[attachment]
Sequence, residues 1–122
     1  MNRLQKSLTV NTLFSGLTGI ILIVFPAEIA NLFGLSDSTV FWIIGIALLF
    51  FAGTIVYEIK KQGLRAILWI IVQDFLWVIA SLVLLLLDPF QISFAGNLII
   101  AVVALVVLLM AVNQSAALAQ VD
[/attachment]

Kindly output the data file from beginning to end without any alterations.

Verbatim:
Sequence, residues 1–122
     1  MNRLQKSLTV NTLFSGLTGI ILIVFPAEIA NLFGLSDSTV FWIIGIALLF
    51  FAGTIVYEIK KQGLRAILWI IVQDFLWVIA SLVLLLLDPF QISFAGNLII
   101  AVVALVVLLM AVNQSAALAQ VD